A person is legally entitled to an automatic 25% discount in sentence for a plea of guilty at the earliest opportunity. However, the earliest opportunity to plead guilty is not when the Police first charge you, it is once all of their evidence has been provided.
Our team of Criminal Lawyers can ensure the Police provide us with all of the evidence can analyse the evidence against you, before advising you about your prospects of success for defending a criminal charge. In the event that a defence is not available, our team can make submissions on your behalf to lessen any sentence received, and ensure you receive the 25% discount on sentence.
In NSW by law you are entitled to a discount if you enter into a plea of guilty at the first reasonable opportunity to do so. There are a number of reasons why the Court is so determined that those who enter pleas of guilty early receive lesser sentences. The main reasons are that it will usually save the victim from giving evidence, shows some remorse on the part of the accused and saves the court time. The discount is taken of your head sentence i.e time served, and not your parole period.
You should know that the Court has said that even though pleading guilty does entitle you to a discount on your sentence, entering a plea of not- guilty will not penalise you in any way.
S3 of the Criminal Procedure Act states that if you are charged with an indictable offence you must go before a committal hearing in order to determine if there is a case for you to stand trial.
Generally Committal hearings are heard in the open and are rarely restricted from the public however in some instances your name may be suppressed or the court may be closed to the public and an order made to stop the publication of evidence in either whole or part form.
At the end of the committal hearing the magistrate will make a ruling as to whether or not there is a case for you to stand trial. The basis for this decision is whether or not there is a reasonable prospect that the jury would convict you. If there is you will need to stand trial, if not the charges will likely be dismissed.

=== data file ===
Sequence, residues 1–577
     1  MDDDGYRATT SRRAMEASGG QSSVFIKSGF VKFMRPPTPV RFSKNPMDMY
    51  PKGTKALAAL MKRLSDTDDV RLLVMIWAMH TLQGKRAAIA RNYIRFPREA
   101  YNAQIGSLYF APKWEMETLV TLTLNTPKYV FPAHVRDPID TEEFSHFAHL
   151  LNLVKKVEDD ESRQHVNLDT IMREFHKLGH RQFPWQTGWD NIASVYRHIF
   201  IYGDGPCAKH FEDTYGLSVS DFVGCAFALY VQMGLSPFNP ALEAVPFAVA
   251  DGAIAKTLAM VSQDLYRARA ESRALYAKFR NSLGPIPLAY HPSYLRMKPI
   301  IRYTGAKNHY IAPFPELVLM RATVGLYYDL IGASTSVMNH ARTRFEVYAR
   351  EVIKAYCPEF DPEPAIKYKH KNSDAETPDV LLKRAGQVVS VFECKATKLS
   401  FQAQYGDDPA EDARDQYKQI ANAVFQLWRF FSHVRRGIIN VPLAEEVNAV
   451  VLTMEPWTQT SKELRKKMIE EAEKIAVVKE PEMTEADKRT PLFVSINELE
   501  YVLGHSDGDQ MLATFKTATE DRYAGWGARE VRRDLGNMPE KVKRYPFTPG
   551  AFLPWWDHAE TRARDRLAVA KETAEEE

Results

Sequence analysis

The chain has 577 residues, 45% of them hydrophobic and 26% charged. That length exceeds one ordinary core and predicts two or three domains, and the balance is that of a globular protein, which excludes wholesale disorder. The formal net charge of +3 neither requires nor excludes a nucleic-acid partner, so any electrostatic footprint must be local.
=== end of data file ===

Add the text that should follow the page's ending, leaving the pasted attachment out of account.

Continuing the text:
In some cases costs can be awarded when charges are dismissed such as where charges were laid without reasonable cause or where the investigation against you was done in bad faith.
If you are found guilty you may still lodge an appeal within 28 days of receiving your sentence. Our team of Criminal Lawyers are experienced in identifying potential grounds for appeal, including severity of sentence and an error at law.
If you wish to appeal your sentence you should contact us immediately.
If the case was originally decided in the Local Court then it will be appealed to the District Court and this appeal must be made within 28 days of the original sentence unless leave is granted by the court. The purpose of this appeal is not to bring forth new evidence but rather to go over the transcript of the original case and for the Judge to decide whether he is satisfied beyond reasonable doubt of the guilt of the accused. If still unsuccessful on appeal then the conviction can be appealed to the Court of Criminal Appeal where there is an error at law.
Appeals from the local to the Supreme Court or the Criminal Court of Appeal are limited to those which are only on questions of law alone.